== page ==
Booktube Bites: My Reading a Book From Every Country in the World

booktube bites

Booktube Bites is a weekly segment in which I spotlight cool bookish videos on the internet. I will discuss some entertaining videos and Booktubers which you can check out. Feel free to participate as well, and send in your own recommendations of videos you would like spotlighted.

Found on: TED

Today’s Video: My Reading a Book From Every Country in the World

This week’s video is an eye-opening TED talk by Ann Morgan. In this TED talk she talks about her reading habits and how she thought she was a cultured reader until she saw that her bookshelves weren’t very diverse. So she set out an challenge to read translated books from around the world, especially in smaller countries.

This TED talk was fantastic and I agreed with Ann on a lot of points. I want to read more genres and open my horizons to different kinds of literature. At the end of last year I made a promise to myself to read more diversely and globally. As of this year, I’ve started to slowly work my way through various translated works and found that reading books from countries where English isn’t the main language is a fun and you learn a lot too!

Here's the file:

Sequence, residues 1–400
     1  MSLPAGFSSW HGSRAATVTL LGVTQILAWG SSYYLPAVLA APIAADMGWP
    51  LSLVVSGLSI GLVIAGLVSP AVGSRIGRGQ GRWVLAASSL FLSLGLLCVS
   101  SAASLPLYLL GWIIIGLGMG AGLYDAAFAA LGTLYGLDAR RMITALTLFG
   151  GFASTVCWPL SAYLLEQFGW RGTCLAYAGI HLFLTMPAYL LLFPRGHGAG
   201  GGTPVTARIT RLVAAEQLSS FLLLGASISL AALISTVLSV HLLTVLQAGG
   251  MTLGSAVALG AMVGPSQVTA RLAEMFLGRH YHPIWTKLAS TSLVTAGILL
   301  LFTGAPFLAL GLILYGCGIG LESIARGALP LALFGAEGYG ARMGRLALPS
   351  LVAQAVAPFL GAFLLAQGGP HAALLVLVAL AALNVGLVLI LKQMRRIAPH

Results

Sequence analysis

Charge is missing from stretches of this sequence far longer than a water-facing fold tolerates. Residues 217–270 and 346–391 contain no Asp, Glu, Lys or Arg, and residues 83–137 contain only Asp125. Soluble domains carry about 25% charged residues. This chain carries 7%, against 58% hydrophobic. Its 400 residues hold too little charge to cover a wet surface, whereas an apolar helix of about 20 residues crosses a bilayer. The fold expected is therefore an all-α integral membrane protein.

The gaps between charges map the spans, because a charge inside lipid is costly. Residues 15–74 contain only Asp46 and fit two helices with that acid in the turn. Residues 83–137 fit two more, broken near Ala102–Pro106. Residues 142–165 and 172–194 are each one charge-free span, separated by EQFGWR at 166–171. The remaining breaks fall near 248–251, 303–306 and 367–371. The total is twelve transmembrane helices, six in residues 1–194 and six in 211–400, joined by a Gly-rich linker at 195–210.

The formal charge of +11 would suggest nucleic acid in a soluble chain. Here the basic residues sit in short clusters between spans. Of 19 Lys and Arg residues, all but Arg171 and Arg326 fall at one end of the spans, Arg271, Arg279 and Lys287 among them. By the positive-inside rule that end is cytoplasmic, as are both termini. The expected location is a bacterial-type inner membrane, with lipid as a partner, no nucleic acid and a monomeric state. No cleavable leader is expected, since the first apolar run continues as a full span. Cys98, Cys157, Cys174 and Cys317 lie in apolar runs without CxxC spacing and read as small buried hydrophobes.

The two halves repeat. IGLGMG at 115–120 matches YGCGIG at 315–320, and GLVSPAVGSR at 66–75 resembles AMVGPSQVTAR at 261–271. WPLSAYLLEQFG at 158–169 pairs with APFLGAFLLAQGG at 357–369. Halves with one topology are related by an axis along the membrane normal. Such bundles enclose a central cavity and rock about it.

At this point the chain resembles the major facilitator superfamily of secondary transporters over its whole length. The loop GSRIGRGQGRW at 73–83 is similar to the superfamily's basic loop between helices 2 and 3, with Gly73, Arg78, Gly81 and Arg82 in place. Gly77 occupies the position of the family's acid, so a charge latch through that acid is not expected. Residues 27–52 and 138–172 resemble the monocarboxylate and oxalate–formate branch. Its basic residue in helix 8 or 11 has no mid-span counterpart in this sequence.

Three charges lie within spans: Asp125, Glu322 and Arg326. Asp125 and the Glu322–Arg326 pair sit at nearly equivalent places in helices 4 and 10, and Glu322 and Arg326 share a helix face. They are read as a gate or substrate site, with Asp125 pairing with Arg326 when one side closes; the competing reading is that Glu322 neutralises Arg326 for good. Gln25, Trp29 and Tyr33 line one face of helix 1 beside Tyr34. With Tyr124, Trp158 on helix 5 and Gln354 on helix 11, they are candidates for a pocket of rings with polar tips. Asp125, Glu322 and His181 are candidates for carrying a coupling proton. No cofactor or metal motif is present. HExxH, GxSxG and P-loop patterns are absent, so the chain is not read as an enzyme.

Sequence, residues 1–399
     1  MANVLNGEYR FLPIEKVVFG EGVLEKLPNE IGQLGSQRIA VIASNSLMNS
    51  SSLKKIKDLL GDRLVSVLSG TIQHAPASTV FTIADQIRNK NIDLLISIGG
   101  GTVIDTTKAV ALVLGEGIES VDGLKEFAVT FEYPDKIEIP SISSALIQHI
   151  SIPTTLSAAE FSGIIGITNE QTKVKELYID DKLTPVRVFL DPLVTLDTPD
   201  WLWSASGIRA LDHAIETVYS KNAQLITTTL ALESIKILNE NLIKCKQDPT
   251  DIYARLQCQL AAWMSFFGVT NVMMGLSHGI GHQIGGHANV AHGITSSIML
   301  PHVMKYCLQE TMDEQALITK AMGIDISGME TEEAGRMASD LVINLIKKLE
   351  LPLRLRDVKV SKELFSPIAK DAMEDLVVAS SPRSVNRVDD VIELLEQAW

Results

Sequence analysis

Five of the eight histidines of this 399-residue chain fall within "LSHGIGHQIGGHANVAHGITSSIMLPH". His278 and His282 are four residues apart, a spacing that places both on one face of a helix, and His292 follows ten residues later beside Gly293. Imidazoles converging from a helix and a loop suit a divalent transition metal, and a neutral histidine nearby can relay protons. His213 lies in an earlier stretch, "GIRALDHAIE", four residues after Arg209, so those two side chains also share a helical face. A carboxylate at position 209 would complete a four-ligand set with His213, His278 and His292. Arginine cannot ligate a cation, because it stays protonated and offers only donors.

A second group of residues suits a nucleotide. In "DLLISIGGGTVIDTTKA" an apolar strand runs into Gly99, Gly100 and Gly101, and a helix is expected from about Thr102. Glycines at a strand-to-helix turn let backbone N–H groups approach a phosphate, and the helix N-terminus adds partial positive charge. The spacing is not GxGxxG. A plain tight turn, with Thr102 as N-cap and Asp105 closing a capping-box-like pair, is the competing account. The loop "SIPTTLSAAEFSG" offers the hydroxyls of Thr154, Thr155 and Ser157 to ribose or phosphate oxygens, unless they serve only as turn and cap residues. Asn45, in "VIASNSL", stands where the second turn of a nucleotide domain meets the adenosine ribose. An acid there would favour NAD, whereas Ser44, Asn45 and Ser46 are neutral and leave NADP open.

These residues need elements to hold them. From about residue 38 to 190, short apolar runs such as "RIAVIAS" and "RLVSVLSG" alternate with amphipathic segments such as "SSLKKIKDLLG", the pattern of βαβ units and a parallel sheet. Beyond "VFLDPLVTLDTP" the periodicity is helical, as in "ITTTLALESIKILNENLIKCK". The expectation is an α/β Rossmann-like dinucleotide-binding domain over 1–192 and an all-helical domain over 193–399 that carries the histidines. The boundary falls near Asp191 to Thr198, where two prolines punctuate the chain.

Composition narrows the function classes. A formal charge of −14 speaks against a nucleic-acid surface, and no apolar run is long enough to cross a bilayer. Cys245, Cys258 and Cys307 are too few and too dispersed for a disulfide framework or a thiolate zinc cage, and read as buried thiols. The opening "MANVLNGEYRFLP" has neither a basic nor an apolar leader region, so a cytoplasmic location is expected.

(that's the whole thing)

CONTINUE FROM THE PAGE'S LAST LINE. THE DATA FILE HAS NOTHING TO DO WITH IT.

Question of the Week: What was the last translated work you read or is next on your TBR? Comment in the section below!

Have a great weekend!

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4 thoughts on “Booktube Bites: My Reading a Book From Every Country in the World

  1. The last translated work I read was a collection of short stories by Yasutaka Tsutsui. I recently bought Subete ga F ni naru: The Perfect Insider (in Japanese) after watching the first five episodes of the anime adaptation.

  2. Glad you posted this. I keep forgetting to watch her TED tallk. I enjoy her blog though. http://ayearofreadingtheworld.com/
    I believe the last translated work I read was either A Long Day’s Evening by Bilge Karasu or Journey to the Center of the Earth by Jules Verne. Both were interesting books. When it comes to translation, I often wonder how much is lost when a work is translated. Am I missing anything because I’m not reading the text in its original language?
    I would like to try more translated works though.

    1. Thanks for the link to her blog! I think some meanings definitely are lost in text, but overall when I’ve read translated works I haven’t too much of a problem. As long as the story flows and I still understand the main plot I’m happy. Sometimes I will do a little research on the text to see if missed cultural, historical references.

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